SUSTAINABLE CROPPING SYSTEMS FOR IRRIGATED SPECIALTY CROPS AND BIOFUELS
Location: Vegetable and Forage Crops Production Research
Title: Potato (Solanum tuberosum) response to simulated glyphosate drift
Submitted to: Weed Technology
Publication Type: Peer Reviewed Journal
Publication Acceptance Date: July 29, 2011
Publication Date: October 1, 2011
Citation: Felix, J., Boydston, R.A. 2011. Potato (Solanum tuberosum) response to simulated glyphosate drift. Weed Technology. 25:637-644.
Interpretive Summary: Since glyphosate resistant crops were launched in 1996, glyphosate use has been increasing dramatically in the United States. In the Pacific Northwest, glyphosate is applied directly to tolerant crops including alfalfa, corn, and sugar beet. Glyphosate is also used pre-plant as a burn down weed treatment early in the season before planting numerous crops. Non-crop uses include applications to control weeds along ditch banks and fence lines throughout summer. Large numbers of fields planted to glyphosate resistant crops and multiple applications of glyphosate during the season increases the chance of accidental drift to susceptible crops. Off-target movement of herbicides during application may cause considerable injury to susceptible plants. The objectives of these studies were to determine injury, symptomology, chemical changes in the potato plant, and tuber yield reduction in response to simulated glyphosate drift when applied at different doses (simulating drift) and four potato growth stages. Potato foliar injury was greatest when low dose simulated drift rates of glyphosate were applied in the stolon hooking stage of potato growth (just prior to tuber initiation). The least foliar injury was observed when simulated drift rates of glyphosate were applied at the tuber bulking stage of potato growth. Potato yield and quality decreased as foliar injury and shikimic acid accumulation (measured at 1 week after glyphosate applications) increased. Potato tuber yields were least when glyphosate was applied at stolon hooking and tuber initiation stages of growth. Measuring shikimic acid accumulation in potato foliage at one week after a suspected glyphosate drift incident could be used as a predictor of potential tuber yield loss.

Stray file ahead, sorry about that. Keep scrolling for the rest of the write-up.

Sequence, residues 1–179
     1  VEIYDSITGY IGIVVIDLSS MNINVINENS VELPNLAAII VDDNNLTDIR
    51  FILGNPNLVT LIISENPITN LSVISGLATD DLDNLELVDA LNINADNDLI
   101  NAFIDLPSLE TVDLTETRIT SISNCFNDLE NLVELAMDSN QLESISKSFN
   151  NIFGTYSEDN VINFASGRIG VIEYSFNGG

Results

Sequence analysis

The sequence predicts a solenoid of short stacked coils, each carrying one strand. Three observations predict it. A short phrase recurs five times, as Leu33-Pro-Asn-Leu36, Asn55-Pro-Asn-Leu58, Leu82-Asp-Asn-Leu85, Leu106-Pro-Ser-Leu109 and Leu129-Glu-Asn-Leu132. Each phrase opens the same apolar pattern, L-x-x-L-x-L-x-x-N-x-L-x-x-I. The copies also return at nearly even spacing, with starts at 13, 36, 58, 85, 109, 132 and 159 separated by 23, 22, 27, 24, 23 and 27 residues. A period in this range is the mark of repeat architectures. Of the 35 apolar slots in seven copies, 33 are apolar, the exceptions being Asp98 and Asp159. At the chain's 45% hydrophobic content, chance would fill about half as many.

Field studies were conducted in 2008 in Ontario, OR and Paterson, WA to determine the effect of simulated glyphosate drift on 'Ranger Russet' potato injury, shikimic acid accumulation, and tuber yield. Glyphosate was applied at 8.5-, 54-, 107-, 215-, and 423 g ae ha-1; which corresponds to 0.01, 0.064, 0.126, 0.254, and 0.5 of the lowest recommended (846 g ha-1) single application dose for glyphosate resistant corn and sugar beet. Glyphosate was applied when potato plants were at 10-cm height, stolon hooking, tuber initiation, or bulking stage. The greatest visual foliar injury was observed when glyphosate was applied at a dose of 54 g ha-1 or greater and potato plants were at the hooking stage. The lowest foliar injury was observed when glyphosate was applied to potato plants at the bulking stage. The I50 glyphosate dose at 42 DAT was estimated to be 167 g ha-1 for potatoes sprayed at the hooking stage. The corresponding glyphosate dose to result in 50% injury for potatoes sprayed at tuber initiation, 10-cm height, and bulking stages were 129%, 338%, and 438% greater than hooking stage. The U.S. No.1 potato yield was inversely related to vine injury and shikimic acid accumulation. Shikimic acid accumulation increased when glyphosate was applied at 107 g ha-1 or greater. U.S. No.1 potato yield was reduced by 46% and 84% relative to the untreated control (55 and 76 T/ha) when glyphosate was applied at 107 g ha-1 to plants in the hooking stage at Ontario and Paterson, respectively. Tuber yields at both sites were lowest when glyphosate was applied at hooking and tuber initiation stages.